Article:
The user interface (the current expression for GUI or graphical user interface) is how the player or user sees the displayed graphics and presentation of the game and communicates with the game through various commands, such as game controls, input devices (joysticks, mouse, steering wheels), on-screen interface (icons, buttons, gauges, score areas), timing mechanics (speed indicators or pressure gauges for hitting a ball or accelerating a vehicle), and text and messages to verbal commands through a speaker for game sounds or verbal responses.
The user interface is the most important aspect of a game since it is how the player sees and interacts with the product. A realistic sports game or an RPG with hard to remember or understand controls and screen buttons frustrates and often turns the players off from what could be a really great game. If players in the middle of a deeply involved and immersed experience have to stop to read a manual to figure out how to access the needed weapon or what command exits the room, they will be irritated and angry.
Cars operate and have similar features to all other cars, yet no two car models are exactly alike. People feel good about loading a game and feeling that the controls and screens look familiar and are easy to understand. A number of discussions at gaming conferences have been about how many levels a player should go in depth to perform a needed action. The designer should be thinking, “How can I make getting to this action command easy and logical.” If there are common game activities that are done on a more frequent basis than others, those commands should be placed in a convenient location where they can be accessed quickly and easily.
You might say, “Where’s the room for innovation?” There’s a lot of room and desire for innovation in gaming and user interface design, but the issue to debate is “innovation at whose expense?” If you decide to be innovative at the player’s expense and your design seems harder to the player, then it should be reworked or thrown away. If it seems hard to the player at first but over time becomes easier and players enjoy the innovation, then that’s a great thing. The thought of being innovative should include a default method, “following the rest of the crowd,” and your innovation as a bonus “better” method. Eventually, players will try your innovation, and if it truly is a better method, players, reviewers, and your competitors will emulate your innovation.
The user interface should provide easy-to-recognize icons, buttons, and menus. Placing “tool tips”—or little descriptions of the item when the mouse is over that location a second or so—helps the player understand the input control. Designing a mouse over and an on-click state of a button or icon, along with an audible sound, would also reinforce the input control. Placing pop-up menus or pull-down menus so they don’t interfere with critical screen elements is important. If you are in a strategy game where several of your units are about to attack your enemy’s stronghold and a menu blocks that section of the screen, you as the designer either didn’t understand your game from the player’s POV or the implementation of your design wasn’t clear enough in your design document.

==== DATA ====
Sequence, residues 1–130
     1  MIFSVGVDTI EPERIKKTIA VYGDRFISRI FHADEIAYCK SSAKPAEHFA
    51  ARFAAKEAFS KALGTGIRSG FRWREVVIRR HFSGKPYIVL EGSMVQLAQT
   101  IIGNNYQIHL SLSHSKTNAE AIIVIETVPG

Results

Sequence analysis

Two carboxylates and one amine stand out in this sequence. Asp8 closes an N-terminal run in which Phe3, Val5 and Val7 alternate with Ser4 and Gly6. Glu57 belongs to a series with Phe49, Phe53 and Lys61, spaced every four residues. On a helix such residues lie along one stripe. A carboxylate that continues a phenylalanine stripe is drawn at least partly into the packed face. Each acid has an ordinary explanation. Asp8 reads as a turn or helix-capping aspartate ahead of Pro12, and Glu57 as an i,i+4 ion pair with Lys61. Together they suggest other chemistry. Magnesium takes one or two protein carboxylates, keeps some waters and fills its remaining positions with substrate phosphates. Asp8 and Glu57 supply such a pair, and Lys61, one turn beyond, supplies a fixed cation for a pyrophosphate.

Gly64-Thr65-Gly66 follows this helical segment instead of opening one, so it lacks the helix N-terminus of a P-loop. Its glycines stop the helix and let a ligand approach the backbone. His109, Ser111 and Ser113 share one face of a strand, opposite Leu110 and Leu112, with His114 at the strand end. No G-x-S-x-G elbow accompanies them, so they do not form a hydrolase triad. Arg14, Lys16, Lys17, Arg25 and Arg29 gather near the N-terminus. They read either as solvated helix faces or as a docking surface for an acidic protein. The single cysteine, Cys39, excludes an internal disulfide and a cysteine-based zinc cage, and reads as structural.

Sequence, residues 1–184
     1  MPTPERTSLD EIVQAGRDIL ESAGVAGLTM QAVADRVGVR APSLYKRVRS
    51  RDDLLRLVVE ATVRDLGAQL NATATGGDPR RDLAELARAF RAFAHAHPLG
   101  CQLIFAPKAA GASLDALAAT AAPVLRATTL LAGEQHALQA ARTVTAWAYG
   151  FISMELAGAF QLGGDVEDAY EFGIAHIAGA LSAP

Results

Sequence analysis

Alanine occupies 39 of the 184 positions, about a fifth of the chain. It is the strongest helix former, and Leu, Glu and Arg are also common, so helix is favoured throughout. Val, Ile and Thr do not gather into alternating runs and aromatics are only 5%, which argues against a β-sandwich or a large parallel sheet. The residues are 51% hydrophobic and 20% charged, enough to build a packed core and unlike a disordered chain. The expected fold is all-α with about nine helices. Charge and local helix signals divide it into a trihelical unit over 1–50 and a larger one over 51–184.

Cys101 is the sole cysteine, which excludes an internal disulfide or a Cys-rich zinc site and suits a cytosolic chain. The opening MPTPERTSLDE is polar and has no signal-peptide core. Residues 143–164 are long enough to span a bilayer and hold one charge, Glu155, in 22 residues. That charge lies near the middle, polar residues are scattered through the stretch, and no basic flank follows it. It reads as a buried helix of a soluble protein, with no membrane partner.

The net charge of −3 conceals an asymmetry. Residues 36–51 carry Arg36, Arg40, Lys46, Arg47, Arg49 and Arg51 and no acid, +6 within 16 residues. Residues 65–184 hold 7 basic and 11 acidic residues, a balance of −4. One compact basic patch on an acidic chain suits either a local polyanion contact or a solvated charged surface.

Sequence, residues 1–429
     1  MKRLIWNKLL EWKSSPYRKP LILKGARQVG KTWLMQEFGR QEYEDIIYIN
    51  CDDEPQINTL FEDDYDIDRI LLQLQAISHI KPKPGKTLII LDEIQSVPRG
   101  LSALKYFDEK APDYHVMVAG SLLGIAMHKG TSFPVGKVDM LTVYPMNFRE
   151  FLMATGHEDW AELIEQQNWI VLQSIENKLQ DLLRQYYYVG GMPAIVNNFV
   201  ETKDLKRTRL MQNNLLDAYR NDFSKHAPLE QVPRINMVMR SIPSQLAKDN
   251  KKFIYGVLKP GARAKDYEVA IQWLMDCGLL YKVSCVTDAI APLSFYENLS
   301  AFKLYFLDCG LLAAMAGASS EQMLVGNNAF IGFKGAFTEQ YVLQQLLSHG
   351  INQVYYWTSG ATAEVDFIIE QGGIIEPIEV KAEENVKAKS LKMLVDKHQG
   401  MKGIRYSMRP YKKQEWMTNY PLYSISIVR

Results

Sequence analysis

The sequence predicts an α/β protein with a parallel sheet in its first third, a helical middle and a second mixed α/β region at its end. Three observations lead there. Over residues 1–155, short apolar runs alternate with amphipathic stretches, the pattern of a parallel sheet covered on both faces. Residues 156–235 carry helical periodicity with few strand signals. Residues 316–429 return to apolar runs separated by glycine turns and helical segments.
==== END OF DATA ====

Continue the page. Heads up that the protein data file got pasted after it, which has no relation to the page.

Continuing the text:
In the design of your user interface, research is a crucial area. Read the reviews of similar products. What are the reviews and feedback from players saying? What mistakes are being made and could be repeated by your design? Then look at the competing products and understand why they have developed their UI in the format that they present to the players. Read Chapter 7, “Research” (again) and notice the evolution of the baseball games and military strategy FPS from their simple, first endeavors to today’s complex and highly competitive versions. If your game design is a baseball game, read about what you’re competing with. Notice their features, UI, team size, and budgets. Your UI design may be perfect, but it might require expensive technology and a budget or time frame that is unrealistic. Remember in Chapter 7 the two games that I dismissed as first-time endeavors entitled Intergalactic Council and The Lost Kingdoms? These two concepts could become a user interface nightmare if not planned out and tested properly.
In 2002, I was involved with a Civil War 3D strategy game developed by Walker Boy Studio entitled War Between the States. Here is an excerpt from the Walker Boy Studio web site (used with permission) on designing their user interface.